W. L. Gore A case study in work environment redesign

The maker of Gore-Tex fabrics embraces fluid teaming and “dabble time” as ways to spur productivity and encourage innovation.

Can the way the workplace is constructed—physically, virtually, and managerially—affect employee performance? The Deloitte LLP Center for the Edge report Work environment redesign, based on a study of more than 75 organizations, argues that the work environment can have a critical impact on employee productivity, passion, and innovation. The study outlines nine design principles that can help employers gain more value from their people.

This case study explores ways that manufacturer W. L. Gore & Associates is applying these design principles to enhance its own corporate environment.

Hex Infographic_W. L. Gore

Figure 1. Work environment design principles used at W. L. Gore

Company background and results

W. L. Gore & Associates is a US-based manufacturer that specializes in making products that utilize advanced materials. Its best-known product is Gore-Tex fabrics. The company, founded in 1958 by Bill Gore, has grown to over 10,000 employees with more than $3 billion in global revenue in 2012, up from $1.6 billion in revenue in 2004.1 The company has operations in over 20 countries and is consistently ranked as one of the United States’ top places to work by the Great Places to Work Institute.2

Challenge-specific teaming

One of the hallmarks of W. L. Gore’s work environment is its commitment to democratic decision making. At the company, associates choose the work they do and make commitments to their colleagues on what they will accomplish. This management approach fosters challenge-specific teaming, as employees are free to team and re-team. The organization has no formal managers.3 Instead, “leaders” are chosen by the group, emerging organically based on a project’s needs and the qualities required of a team leader in that circumstance. However, even though there are no formal “bosses,” there are associates who serve as “sponsors” and help more junior associates navigate the company to find roles that fit them.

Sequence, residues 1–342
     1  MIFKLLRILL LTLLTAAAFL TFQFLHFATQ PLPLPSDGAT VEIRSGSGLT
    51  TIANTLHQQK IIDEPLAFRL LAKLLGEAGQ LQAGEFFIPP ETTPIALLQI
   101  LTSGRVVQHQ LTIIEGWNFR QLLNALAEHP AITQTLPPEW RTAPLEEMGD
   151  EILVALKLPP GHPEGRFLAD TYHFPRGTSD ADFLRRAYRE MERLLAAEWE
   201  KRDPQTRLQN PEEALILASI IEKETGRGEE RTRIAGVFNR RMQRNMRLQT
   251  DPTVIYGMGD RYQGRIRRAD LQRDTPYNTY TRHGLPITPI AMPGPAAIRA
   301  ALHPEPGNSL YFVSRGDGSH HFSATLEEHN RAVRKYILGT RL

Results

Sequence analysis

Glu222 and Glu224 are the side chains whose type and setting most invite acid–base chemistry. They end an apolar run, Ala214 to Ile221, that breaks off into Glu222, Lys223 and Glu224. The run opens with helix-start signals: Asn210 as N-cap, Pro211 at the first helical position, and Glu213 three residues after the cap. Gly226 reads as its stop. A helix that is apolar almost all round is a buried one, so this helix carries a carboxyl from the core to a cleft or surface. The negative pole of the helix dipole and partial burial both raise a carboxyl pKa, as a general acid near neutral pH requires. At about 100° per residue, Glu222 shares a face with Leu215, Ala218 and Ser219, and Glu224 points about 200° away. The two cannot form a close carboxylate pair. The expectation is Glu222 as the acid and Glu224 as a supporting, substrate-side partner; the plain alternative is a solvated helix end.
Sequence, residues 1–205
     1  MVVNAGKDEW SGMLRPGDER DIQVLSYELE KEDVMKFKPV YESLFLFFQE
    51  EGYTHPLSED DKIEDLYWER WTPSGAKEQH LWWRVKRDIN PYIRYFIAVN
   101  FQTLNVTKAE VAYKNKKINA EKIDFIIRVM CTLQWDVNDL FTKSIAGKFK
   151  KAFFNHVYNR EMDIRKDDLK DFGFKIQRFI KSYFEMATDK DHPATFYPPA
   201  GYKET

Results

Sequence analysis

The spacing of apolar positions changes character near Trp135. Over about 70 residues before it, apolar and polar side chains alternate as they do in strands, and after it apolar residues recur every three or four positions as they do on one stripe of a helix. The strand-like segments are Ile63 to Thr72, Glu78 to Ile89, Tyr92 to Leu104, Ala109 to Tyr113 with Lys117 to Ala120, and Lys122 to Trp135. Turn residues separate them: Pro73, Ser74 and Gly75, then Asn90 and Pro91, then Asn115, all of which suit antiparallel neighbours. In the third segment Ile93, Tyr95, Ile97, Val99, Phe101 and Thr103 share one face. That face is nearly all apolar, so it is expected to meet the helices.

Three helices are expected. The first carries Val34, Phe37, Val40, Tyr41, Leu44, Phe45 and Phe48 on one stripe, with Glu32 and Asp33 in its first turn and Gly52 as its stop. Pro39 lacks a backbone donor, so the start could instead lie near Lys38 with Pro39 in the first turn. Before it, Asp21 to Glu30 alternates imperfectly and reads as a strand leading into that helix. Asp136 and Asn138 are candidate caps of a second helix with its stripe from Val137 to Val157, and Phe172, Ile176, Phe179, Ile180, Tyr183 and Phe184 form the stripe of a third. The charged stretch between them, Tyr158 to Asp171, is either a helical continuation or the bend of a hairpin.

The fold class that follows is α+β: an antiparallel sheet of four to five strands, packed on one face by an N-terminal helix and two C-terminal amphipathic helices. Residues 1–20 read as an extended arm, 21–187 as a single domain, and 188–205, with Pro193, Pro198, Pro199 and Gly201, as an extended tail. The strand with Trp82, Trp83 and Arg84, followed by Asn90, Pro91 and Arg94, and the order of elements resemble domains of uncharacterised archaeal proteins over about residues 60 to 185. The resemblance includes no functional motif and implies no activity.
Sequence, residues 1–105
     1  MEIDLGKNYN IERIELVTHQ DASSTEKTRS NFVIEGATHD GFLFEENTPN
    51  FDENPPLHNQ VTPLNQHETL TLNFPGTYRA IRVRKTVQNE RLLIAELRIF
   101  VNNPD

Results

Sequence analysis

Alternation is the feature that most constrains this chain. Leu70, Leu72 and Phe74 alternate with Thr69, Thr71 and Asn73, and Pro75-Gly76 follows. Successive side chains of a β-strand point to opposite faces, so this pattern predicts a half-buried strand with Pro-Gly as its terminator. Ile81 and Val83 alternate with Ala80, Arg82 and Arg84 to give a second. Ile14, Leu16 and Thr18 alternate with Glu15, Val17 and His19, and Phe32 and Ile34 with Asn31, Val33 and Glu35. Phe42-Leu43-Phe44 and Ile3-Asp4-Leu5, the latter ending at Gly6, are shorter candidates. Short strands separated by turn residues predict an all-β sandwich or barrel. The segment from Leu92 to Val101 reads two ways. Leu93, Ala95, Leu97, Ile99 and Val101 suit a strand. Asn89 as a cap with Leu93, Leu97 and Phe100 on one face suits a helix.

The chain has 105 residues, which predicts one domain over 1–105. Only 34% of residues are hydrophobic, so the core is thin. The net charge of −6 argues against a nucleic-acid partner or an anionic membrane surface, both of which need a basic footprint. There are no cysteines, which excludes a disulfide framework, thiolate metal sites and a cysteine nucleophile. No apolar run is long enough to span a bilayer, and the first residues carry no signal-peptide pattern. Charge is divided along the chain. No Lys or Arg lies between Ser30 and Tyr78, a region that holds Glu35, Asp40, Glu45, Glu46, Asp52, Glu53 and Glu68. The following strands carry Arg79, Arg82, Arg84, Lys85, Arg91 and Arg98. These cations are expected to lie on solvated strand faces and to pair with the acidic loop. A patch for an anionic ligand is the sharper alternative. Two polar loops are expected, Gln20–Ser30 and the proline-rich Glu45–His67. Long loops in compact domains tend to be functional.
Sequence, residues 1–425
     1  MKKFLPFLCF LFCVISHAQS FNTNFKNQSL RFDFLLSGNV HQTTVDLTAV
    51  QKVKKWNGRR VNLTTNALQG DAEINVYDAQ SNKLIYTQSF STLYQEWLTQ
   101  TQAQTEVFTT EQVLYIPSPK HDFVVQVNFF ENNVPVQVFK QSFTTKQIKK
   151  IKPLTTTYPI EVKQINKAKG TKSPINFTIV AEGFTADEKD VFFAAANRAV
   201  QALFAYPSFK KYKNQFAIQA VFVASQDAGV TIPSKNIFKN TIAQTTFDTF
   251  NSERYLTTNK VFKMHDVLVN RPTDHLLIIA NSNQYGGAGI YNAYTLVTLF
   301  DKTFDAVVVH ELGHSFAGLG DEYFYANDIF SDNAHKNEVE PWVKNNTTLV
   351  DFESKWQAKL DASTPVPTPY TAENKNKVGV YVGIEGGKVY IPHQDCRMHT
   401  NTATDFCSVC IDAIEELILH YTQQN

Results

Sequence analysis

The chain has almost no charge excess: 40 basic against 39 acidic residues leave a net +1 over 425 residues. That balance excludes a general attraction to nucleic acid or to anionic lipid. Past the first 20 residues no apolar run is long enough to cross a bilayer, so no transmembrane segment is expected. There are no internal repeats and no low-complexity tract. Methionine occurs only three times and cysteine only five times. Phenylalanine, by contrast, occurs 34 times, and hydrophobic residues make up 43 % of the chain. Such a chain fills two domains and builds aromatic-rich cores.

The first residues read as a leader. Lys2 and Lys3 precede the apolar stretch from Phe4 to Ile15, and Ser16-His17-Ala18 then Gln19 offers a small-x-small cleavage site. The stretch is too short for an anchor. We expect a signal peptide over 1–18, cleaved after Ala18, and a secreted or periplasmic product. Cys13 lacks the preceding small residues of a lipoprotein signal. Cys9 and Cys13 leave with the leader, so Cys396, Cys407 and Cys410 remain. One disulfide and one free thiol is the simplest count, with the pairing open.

Rapid experimentation

Often heralded as one of the world’s most innovative companies,4 W. L. Gore embraces rapid experimentation. To begin with, the company has “dabble time,” which is an expectation that approximately 10 percent of employees’ time will go toward new ideas or initiatives.5 In addition, the company is more than willing to make long-term investments in ideas that take time to develop. The organization’s status as a privately held company, in which employees are given shares as part of their compensation,6 shields it from the pressure of achieving quarterly results typical at publicly traded companies. For these reasons, it is common for employees at W. L. Gore to tinker with ideas that eventually become new products.

One example of rapid experimentation is the development of W. L. Gore’s line of Elixir guitar strings. One of the company’s engineers, Dave Myers, worked in a Gore medical devices plant developing new types of heart implants. As part of his dabble time, Myers was trying to improve his mountain bike by coating his gear cables with a layer of plastic, hoping to make the gears shift more smoothly. His tinkering was successful, giving rise to Gore’s line of Ride-On bike cables.7 After a series of other experiments, Myers thought of using a similar coating of plastic on guitar strings to improve their durability and feel. Not being a guitarist himself, Myers sought the help of Chuck Hebestreit—a colleague who played guitar. The duo experimented with the idea without success and without management awareness of their efforts until John Spencer—a colleague who had successfully brought a best-selling line of dental floss to the market—joined the effort. Shortly thereafter, the team had a viable product. They sought official sponsorship from the company to take their guitar strings to market. The team had great success: Elixir is a highly regarded brand of guitar strings and was the market leader in sales in 2004, capturing 35 percent of market share.8

Lessons learned

  • When permitted to choose their work, employees choose wisely.
  • Allow for rapid experimentation by having management and incentive structures support long-term investment.
  • Develop systems that help employees navigate the company (for example, small manufacturing facilities, avenues for sponsorship and mentorship) and aid collaboration and performance improvement.